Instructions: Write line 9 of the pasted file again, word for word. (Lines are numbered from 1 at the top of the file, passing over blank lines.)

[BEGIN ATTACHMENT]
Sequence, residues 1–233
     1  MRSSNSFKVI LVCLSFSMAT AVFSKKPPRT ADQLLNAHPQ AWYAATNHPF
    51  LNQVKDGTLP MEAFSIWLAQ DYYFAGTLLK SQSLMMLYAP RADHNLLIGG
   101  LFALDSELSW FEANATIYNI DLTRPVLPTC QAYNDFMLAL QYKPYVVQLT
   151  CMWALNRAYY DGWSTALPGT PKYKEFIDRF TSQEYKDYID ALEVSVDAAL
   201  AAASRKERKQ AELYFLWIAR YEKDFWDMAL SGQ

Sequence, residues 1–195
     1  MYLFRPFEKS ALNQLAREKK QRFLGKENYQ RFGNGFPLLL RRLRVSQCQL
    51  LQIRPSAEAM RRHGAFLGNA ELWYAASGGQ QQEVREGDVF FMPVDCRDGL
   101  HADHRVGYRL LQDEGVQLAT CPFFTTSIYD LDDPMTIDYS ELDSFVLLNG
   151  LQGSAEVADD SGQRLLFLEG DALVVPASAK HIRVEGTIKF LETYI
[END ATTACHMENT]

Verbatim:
    51  LQIRPSAEAM RRHGAFLGNA ELWYAASGGQ QQEVREGDVF FMPVDCRDGL